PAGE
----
That isn't a process for making parts with low redundancy.
It works in many aerospace parts because they are replacing a heavy part that is 50x overbuilt with AM that is only 25x overbuilt.
Or an assembly of 32 parts with a single AM one in order to get special geometries and load isn't a design criteria (fuel nozzles).

= = = = = = = = = = = = = = = = = = = =
P.E. Metallurgy, consulting work welcomed

RE: Ceramic Engine Parts - Does this look gimmicky?

Look at the piston skirts and visualise the loading they will see. No chance.

je suis charlie

RE: Ceramic Engine Parts - Does this look gimmicky?

You do realize how absurdly low the strength of Al pistons is, don't you?
Most Al alloys start with RT yield strength of 25-40ksi, and at 500F they are <1/4 of that.
Fairly low bar to clear.

= = = = = = = = = = = = = = = = = = = =
P.E. Metallurgy, consulting work welcomed

RE: Ceramic Engine Parts - Does this look gimmicky?

(OP)
This brings up an interesting thought on the evolution of engines. Early engines were cross-head designed and had full bearings to support the side loading generated by the rod. Newer engines are trunk piston type and use the piston skirt. The newest engines are nearly shirtless. I guess the development of high silicon alloys for pistons has reduced the running clearance which reduces the amount of work the skirt needs to do. Ceramic must take that s step further.

RE: Ceramic Engine Parts - Does this look gimmicky?

Only engines I know that use almost no skirt are racing types. But then they usually only need to last the race.

RE: Ceramic Engine Parts - Does this look gimmicky?

Quote (EdStainless)

You do realize how absurdly low the strength of Al pistons is, don't you?
Most Al alloys start with RT yield strength of 25-40ksi, and at 500F they are <1/4 of that.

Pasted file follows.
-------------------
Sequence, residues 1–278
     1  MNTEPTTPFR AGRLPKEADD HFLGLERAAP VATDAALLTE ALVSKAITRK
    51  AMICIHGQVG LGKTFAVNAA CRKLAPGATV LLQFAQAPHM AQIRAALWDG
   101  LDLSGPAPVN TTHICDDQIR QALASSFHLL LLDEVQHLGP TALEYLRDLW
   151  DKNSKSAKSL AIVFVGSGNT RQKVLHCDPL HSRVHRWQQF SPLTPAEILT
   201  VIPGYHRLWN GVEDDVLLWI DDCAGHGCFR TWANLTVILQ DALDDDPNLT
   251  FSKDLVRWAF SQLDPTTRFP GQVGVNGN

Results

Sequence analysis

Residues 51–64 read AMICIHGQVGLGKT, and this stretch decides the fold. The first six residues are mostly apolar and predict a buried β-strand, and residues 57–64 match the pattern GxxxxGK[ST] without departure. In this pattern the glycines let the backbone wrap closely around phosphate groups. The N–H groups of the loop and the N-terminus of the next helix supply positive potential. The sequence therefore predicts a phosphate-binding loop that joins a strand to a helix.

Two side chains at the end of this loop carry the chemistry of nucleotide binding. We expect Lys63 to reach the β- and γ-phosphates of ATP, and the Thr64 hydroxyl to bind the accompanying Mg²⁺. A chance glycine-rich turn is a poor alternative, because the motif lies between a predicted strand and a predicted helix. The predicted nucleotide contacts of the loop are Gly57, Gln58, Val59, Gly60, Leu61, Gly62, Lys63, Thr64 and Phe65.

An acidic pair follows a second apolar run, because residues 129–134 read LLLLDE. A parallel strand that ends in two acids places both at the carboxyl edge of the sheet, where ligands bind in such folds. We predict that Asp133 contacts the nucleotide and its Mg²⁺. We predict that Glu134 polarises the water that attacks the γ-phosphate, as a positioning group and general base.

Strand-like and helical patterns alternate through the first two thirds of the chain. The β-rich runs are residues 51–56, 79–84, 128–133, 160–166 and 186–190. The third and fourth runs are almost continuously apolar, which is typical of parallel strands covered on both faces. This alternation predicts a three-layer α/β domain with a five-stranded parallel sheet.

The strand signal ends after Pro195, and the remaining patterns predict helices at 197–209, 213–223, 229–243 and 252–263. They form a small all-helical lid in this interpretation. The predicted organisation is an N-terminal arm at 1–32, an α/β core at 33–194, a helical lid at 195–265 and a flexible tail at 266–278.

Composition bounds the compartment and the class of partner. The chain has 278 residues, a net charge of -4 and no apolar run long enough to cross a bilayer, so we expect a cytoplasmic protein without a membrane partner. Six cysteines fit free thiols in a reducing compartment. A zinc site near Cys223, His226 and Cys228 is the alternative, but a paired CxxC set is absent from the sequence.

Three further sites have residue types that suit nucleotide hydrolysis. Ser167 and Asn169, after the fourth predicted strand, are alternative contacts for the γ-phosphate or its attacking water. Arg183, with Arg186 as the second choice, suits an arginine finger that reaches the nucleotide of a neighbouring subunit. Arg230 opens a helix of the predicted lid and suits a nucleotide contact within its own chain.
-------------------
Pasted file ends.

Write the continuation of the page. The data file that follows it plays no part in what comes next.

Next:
Methinks I could crush the skirt on that ceramic piston between thumb and forefinger . . . and then there is impact toughness. Imagine gently tapping the skirt of an aluminium piston with a small hammer - then repeat the exercise with the ceramic one shown.

je suis charlie

RE: Ceramic Engine Parts - Does this look gimmicky?

At 500-60F I could fold the skirt of an Al piston over with a very small hammer.
At that temp a ceramic skirt will withstand some serious loads and impact.
I am not suggesting that this particular design is good, just that the concept of ceramic engine parts is very valid and actually fairly well understood. Remember the Army Adiabatic Deisel program? There is decades of data from that and other work.
The strength and toughness of ceramics when hot is truly impressive.

= = = = = = = = = = = = = = = = = = = =
P.E. Metallurgy, consulting work welcomed

RE: Ceramic Engine Parts - Does this look gimmicky?

Then we are arguing about two different things.

je suis charlie

RE: Ceramic Engine Parts - Does this look gimmicky?

(OP)
There aren't gremlins with tiny hammers in most engines. Assuming the piston survives transportation and install, the conditions within the cylinder are quite protected.

RE: Ceramic Engine Parts - Does this look gimmicky?

My point really, is that the skirt design looks a long way from one that was FEA optimised.

je suis charlie